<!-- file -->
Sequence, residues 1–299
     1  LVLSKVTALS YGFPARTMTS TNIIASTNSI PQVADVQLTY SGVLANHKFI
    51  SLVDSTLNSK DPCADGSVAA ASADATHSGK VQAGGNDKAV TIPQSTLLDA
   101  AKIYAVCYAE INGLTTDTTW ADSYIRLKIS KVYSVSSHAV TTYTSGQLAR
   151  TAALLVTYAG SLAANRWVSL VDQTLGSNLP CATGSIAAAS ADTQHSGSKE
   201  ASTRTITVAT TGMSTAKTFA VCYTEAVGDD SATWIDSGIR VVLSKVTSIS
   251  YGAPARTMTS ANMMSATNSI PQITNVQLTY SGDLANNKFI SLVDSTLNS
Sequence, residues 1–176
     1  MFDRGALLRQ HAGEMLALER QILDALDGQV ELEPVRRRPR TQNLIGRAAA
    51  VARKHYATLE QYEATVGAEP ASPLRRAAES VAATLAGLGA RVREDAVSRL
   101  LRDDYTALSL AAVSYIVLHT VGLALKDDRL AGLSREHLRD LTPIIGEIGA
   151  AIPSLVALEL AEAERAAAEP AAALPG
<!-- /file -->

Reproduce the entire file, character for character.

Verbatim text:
Sequence, residues 1–299
     1  LVLSKVTALS YGFPARTMTS TNIIASTNSI PQVADVQLTY SGVLANHKFI
    51  SLVDSTLNSK DPCADGSVAA ASADATHSGK VQAGGNDKAV TIPQSTLLDA
   101  AKIYAVCYAE INGLTTDTTW ADSYIRLKIS KVYSVSSHAV TTYTSGQLAR
   151  TAALLVTYAG SLAANRWVSL VDQTLGSNLP CATGSIAAAS ADTQHSGSKE
   201  ASTRTITVAT TGMSTAKTFA VCYTEAVGDD SATWIDSGIR VVLSKVTSIS
   251  YGAPARTMTS ANMMSATNSI PQITNVQLTY SGDLANNKFI SLVDSTLNS
Sequence, residues 1–176
     1  MFDRGALLRQ HAGEMLALER QILDALDGQV ELEPVRRRPR TQNLIGRAAA
    51  VARKHYATLE QYEATVGAEP ASPLRRAAES VAATLAGLGA RVREDAVSRL
   101  LRDDYTALSL AAVSYIVLHT VGLALKDDRL AGLSREHLRD LTPIIGEIGA
   151  AIPSLVALEL AEAERAAAEP AAALPG